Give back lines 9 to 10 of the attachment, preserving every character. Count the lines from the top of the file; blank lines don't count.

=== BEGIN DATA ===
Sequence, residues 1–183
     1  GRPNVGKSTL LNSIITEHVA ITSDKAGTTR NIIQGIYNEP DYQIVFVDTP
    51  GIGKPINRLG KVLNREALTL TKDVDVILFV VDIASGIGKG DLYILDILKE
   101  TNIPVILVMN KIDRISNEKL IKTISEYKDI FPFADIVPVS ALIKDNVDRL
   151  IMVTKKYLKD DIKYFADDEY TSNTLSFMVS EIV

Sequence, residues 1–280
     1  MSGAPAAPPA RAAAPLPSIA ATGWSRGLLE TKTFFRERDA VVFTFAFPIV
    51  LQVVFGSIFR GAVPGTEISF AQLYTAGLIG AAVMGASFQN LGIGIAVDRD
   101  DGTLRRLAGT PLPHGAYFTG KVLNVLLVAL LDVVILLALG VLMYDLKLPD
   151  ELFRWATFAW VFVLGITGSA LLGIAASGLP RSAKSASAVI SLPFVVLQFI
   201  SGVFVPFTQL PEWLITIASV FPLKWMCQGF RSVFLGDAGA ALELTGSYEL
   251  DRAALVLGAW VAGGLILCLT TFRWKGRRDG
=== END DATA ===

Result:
   101  DGTLRRLAGT PLPHGAYFTG KVLNVLLVAL LDVVILLALG VLMYDLKLPD
   151  ELFRWATFAW VFVLGITGSA LLGIAASGLP RSAKSASAVI SLPFVVLQFI